A miller spot welder
Spot welding is a type of resistance welding used to weld various sheet metals. Typically the sheets are in the 0.5-3.0 mm thickness range. The process uses two shaped copper alloy electrodes to concentrate welding current and force between the materials to be welded. The result is a small "spot" that is quickly heated to the melting point, forming a nugget of welded metal after the current is removed. The amount of heat released in the spot is determined by the amplitude and duration of the current. The current and duration are chosen to match the material, the sheet thickness and type of electrodes. Applying the current for too long can result in molten metal being expelled as weld splash, or can even burn a hole right through the materials being welded.
Spot welding is typically used when welding steel sheet metal. Thicker stock is difficult to heat up from a single spot, as the heat can flow into the surrounding metal too easily. Spot welding can be easily identified on many sheet metal goods, such as metal pails. Aluminum alloys can also be spot welded. However, their much higher thermal conductivity and electrical conductivity mean that up to three times higher welding currents are needed. This requires larger, more powerful, and more expensive welding transformers.
Due to changes in the resistance of the metal as it starts to liquefy, the welding process can be monitored in real-time to ensure a perfect weld every time, using the most recent advances in monitoring/feedback control equipment. The resistance is measured indirectly, by measuring the voltage at and current through the electrodes.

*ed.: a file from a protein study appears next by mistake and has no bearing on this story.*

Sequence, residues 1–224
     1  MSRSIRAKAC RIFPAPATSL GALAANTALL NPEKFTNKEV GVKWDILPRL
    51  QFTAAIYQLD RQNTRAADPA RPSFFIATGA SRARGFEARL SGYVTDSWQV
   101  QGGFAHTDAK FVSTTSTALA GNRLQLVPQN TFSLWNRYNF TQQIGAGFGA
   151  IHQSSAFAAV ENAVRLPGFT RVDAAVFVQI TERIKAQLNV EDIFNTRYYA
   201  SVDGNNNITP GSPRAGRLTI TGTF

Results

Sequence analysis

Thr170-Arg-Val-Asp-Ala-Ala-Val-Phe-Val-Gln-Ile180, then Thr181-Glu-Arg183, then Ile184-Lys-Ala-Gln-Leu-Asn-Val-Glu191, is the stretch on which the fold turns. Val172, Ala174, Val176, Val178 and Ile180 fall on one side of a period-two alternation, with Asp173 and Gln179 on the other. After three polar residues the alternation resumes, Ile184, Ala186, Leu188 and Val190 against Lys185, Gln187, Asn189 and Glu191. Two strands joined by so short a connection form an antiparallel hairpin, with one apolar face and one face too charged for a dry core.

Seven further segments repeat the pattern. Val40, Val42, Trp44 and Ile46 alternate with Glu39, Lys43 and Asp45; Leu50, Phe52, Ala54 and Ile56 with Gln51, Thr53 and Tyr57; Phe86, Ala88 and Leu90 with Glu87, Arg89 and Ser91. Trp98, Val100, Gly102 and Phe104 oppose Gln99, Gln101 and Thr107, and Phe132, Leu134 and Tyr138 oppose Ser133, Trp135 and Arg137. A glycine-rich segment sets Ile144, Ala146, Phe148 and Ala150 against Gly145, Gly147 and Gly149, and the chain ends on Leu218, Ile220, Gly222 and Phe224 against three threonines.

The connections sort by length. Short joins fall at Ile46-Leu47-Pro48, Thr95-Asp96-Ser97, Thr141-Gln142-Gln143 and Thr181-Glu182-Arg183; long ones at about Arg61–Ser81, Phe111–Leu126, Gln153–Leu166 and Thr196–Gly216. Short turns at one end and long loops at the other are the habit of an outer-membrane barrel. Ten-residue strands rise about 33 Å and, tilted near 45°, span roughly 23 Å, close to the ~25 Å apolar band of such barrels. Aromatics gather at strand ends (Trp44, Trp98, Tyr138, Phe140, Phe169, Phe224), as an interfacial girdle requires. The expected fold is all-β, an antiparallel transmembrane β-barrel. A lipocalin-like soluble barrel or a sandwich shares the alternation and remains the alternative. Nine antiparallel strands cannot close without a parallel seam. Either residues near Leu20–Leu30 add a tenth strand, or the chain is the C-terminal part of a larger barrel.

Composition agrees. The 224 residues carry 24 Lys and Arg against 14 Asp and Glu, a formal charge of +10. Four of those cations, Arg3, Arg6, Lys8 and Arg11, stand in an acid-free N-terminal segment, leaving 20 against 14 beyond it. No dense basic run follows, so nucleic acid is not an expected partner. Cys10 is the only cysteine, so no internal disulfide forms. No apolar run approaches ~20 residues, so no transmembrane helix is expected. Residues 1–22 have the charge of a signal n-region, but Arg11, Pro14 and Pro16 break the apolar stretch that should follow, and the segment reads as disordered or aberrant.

The voltage needed for the welding depends on the resistance of the material to be welded, the sheet thickness and desired size of the nugget. When welding a common combination like 1.0 + 1.0 mm sheet steel, the voltage between the electrodes is only about 1.5 V at the start of the weld but can fall as low as 1 V at the end of the weld. This drop in voltage stems from the resistance reduction caused by the steel melting. The open circuit voltage from the transformer is much higher than this, typically in the 5-10 V range, but there is a very large voltage drop in the electrodes and secondary side of the transformer when the circuit is closed.
Perhaps the most common application of spot welding is in the automobile industry, where it is used almost universally to weld the sheet metal forming a car. Spot welders can also be completely automated, and many of the industrial robots found on assembly lines are spot welders (the other major use for robots being painting).
Another place where spot welding is used is in the orthodontist's clinic, where small scale spot welding equipment is used when resizing metal "molar bands" used in orthodontics.
| Metalworking |
| Arc welding: Shielded metal (MMA) | Gas metal (MIG) | Flux-cored | Submerged | Gas tungsten (TIG) | Plasma |
| Other processes: Oxyfuel | Resistance | Spot | Forge | Ultrasonic | Electron beam | Laser beam |
| Equipment: Power supply | Electrode | Shielding gas | Robot |
| Related: Heat-affected zone | Weldability | Residual stress | Arc eye | Underwater welding |
See also: Brazing | Soldering | Metalworking | Fabrication | Casting | Machining | Metallurgy | Jewelry
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